The Entry Level #33 Page 2

Pioneer's biggest dealer is Best Buy. There's probably one in your neighborhood. "With such a large retailer," Andrew Jones explained, "we had a very clear idea of potential sales quantities with month-by-month projections. This allowed for very strong negotiations on price."

When Jones began work on the prototype for the SP-BS22-LR's predecessor, the blah-blah-blah-21-LR, he ignored general cost considerations and simply built the speaker he wanted to build. Imagine that. For a talented and ambitious engineer or artist, such freedom must be fantastic—until it becomes overwhelming. Yet once he began paying attention to costs, Jones was actually surprised by the technology he could incorporate in the design. "The designs have proven to be such big sellers that when it became time to develop [the SP-BS22-LR], the costing process was much more straightforward," he said.

Then there are tricks. When asked to list other areas where costs could be minimized, Jones mentioned the choices of cabinet, packaging, and carton size—aspects of a speaker design I would never have considered.

It's common practice among savvy speaker makers and engineers, Jones says, to shave off a few millimeters here and there. Doing so makes a difference in how many speaker cartons will fit in the shipping container. "An exact fit will reduce wasted space and shipping cost. Maybe only a few cents per speaker, but this can then be spent on performance by adding perhaps more absorption, or a [higher-quality] capacitor in the crossover."

For so affordable a speaker, the SP-BS22-LR has an unusually sophisticated, six-element crossover network. There are a film capacitor and an air-core inductor in the tweeter feed, an electrolytic capacitor and laminated steel-core inductor in the woofer feed. In his review of the speaker in July, Bob Reina discussed other aspects of the SP-BS22-LR's technical design.

Appearances may be sacrificed, but performance is not. A high-quality entry-level speaker will often sound better than it looks. A $30,000/pair speaker must look at least as good as it sounds. And it should sound amazing. It will be bigger, heavier, and fancier. You won't find one at Best Buy. I checked. Currently, the most expensive speaker in stock at Magnolia, Best Buy's specialty home-theater store, has a retail price of $5499.98/pair. (In case you're wondering, that speaker is the MartinLogan Theos; in gloss black finish, it's striking.)

When designing a cost-no-object speaker, Jones isn't so concerned with cramming as many of them as possible into a shipping container. Instead, he focuses on research and development. He looks for what hasn't already been tried, what's "waiting to be discovered, understood, and then exploited."

But which assignment offers the greater reward: the entry-level or the flagship design? Again, Jones avoids the bait. "Engineering is a game of challenging the rules while at the same time being bound by them. The rules are different for the two cost objectives, but they are equally challenging and fun. Of course, the reaction from friends and colleagues can also be fun."

Some listeners will consider the TAD Evolution One a bargain at only $30,000/pair. Others will be struck dumb by that high price.

Me? I'm at a point in my life where I can't imagine spending $30,000 on a pair of speakers. But let's see what happens when I turn 36.

Exceeding expectations
Given the choice, I'd happily take the 229 pairs of painfully named Pioneer SP-BS22-LRs, signed by Andrew Jones, and give away 228 of them—to friends, family, and schools. But not because I think the TAD Evolution One is overpriced. It isn't.


One of the two most memorable hi-fi demonstrations I've ever experienced was hosted by Andrew Jones. It took place in a large hotel suite in Las Vegas, during the 2012 Consumer Electronics Show. The system comprised nothing but TAD Evolution products, including the Evolution One speakers. Jones was the consummate host, captivating the audience with his intimate knowledge of the system's design, then shocking the room by actually playing good, compelling music—the kind we had assumed could not be heard in Vegas.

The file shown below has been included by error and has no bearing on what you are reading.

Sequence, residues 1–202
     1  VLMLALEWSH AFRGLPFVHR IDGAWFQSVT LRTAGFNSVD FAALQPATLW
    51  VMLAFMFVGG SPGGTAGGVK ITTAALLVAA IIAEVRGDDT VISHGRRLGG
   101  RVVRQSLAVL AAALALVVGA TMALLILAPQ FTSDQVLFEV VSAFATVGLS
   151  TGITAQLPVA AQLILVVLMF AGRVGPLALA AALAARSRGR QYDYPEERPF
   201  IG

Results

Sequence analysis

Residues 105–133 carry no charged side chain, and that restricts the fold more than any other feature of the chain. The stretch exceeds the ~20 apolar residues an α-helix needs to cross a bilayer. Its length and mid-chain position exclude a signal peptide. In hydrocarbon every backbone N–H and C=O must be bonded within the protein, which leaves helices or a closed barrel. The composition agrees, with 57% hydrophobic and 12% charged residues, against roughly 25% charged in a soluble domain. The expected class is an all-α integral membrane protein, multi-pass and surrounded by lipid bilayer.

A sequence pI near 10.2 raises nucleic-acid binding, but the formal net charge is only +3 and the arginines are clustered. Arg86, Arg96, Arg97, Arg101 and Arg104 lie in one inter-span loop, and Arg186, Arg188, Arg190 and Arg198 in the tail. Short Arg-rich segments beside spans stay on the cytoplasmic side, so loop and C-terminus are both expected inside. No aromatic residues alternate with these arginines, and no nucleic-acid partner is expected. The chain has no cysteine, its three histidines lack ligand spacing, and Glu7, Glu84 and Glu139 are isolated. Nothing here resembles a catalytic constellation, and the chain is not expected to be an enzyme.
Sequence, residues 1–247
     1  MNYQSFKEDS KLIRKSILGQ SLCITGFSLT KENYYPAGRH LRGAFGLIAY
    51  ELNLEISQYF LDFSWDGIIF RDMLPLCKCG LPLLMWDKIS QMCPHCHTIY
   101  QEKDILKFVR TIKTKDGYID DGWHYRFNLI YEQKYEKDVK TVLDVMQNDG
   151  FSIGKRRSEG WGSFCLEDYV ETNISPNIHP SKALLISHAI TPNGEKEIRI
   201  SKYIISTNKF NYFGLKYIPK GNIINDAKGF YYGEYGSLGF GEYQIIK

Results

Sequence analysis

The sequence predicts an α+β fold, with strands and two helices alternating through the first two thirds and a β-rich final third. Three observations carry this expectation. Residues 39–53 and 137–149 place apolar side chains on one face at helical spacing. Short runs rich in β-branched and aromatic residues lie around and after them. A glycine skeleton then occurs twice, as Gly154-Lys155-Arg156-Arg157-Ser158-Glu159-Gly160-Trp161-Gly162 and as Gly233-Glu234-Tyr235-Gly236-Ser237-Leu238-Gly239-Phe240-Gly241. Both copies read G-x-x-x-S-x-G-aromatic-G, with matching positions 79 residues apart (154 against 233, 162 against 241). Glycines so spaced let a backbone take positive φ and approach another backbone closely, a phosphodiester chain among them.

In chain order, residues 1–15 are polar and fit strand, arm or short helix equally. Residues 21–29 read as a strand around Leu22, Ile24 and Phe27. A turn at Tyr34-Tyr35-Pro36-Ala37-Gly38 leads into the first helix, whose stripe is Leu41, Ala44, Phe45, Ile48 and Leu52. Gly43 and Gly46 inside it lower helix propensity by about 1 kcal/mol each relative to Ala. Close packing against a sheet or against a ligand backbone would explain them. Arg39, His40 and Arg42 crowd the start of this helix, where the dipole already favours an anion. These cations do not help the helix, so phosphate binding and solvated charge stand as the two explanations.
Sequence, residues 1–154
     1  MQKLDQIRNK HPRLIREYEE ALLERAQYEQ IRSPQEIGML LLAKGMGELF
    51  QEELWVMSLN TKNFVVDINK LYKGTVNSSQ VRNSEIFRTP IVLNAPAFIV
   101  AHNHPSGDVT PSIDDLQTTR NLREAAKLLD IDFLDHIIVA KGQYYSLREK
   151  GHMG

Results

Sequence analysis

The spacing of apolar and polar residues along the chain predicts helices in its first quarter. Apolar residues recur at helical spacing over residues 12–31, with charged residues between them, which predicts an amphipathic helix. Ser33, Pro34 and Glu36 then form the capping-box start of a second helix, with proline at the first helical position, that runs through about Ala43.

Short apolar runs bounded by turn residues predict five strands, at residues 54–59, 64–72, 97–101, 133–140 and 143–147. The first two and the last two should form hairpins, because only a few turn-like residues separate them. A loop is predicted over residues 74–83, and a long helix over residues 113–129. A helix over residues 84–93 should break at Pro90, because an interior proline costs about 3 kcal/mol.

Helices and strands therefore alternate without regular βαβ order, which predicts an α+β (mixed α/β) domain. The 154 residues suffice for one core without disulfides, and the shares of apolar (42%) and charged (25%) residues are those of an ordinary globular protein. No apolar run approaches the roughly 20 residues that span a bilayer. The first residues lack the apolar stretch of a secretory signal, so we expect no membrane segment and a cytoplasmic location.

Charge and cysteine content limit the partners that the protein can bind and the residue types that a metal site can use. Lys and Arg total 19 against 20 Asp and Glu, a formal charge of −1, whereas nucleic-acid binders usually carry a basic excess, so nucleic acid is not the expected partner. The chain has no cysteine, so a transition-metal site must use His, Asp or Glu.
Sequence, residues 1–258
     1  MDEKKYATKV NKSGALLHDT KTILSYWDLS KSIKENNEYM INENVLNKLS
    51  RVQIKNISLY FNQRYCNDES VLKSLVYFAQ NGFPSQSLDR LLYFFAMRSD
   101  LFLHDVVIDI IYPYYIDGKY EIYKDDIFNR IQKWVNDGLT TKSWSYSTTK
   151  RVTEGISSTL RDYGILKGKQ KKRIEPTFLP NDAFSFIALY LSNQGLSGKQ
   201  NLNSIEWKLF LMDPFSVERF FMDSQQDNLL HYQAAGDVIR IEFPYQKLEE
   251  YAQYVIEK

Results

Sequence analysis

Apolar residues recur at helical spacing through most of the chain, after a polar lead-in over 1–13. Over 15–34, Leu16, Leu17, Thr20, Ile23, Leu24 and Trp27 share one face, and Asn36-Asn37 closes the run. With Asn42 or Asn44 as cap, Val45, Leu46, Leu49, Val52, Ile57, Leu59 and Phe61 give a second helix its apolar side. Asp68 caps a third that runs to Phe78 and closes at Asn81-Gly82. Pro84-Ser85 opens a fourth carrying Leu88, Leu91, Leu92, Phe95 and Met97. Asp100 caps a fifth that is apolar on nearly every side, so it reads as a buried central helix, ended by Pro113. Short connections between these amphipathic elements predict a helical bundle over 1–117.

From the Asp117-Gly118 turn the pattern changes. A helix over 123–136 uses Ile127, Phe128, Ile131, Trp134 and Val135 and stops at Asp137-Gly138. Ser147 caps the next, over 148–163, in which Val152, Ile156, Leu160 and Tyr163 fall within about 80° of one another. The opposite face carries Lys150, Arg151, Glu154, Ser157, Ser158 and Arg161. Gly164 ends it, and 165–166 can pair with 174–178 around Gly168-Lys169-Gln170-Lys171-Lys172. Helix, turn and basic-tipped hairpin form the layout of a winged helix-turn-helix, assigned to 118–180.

Jones's excellent demo came just weeks after I'd attended what I consider to have been the absolute worst hi-fi demo imaginable. That demo was held in a proper high-end audio showroom and was part of a special, invitation-only event marking the highly anticipated release of a $120,000/pair loudspeaker. Members of the hi-fi and mainstream press were in attendance. There were long-legged women. There were sharp-dressed men. There were wine, cheese, sushi. The speakers were concealed beneath velvety cloaks and, when finally revealed, were slowly and dramatically unveiled in a seductive striptease. But instead of providing a captivating tale of this product's development, the company representative complained, loudly and arrogantly, about chatter in the back of the room, hissing pipes, the weather. Then came the sound, which was dull, lifeless, entirely uninvolving—much like the music played, which had been chosen to highlight the speakers' strengths: a painfully long drum solo, a smooth-jazz rendition of a Doors song, Laurence Juber's version of George Harrison's "While My Guitar Gently Weeps."

I wept. That demonstration embodied everything I hate about high-end hi-fi. If those speakers were indeed worth $120,000/pair, the demo provided no evidence of it. Far too often, the most impressive high-end audio products are victims of such miserable demos, which leave the listener confused, angry, disappointed, disrespected, frustrated, and/or altogether done with hi-fi.

Andrew Jones's demonstration of TAD's Evolution products at CES, however, embodied everything I love about high-end hi-fi. Sitting there, astonished by the realistic sound and moved by the beautiful music, I didn't care that the system cost far more than anything I could ever think of owning. It was something to behold and admire, like a sunset or a smile. (Gosh. Am I allowed to say such simple, cheery things? I can hear the joyless audiophiles now: "You don't belong in the company of grownups! Smiles are for babies!") The TAD system met my expectations, then exceeded them. The Pioneer SP-BS22-LR has done the same thing, but at a price just about anyone can afford.

"I think it's crucial to provide such products," Jones told me. "We need to provide products at entry prices that attract new blood to the upgrade path, so that [those customers] begin to understand that listening to hi-fi can be intensely rewarding, and that the more expensive products do ultimately justify themselves in the performance they provide. We also need to recognize how and when younger customers listen, and tailor products to their needs, while also satisfying our wish to show them a better way to listen."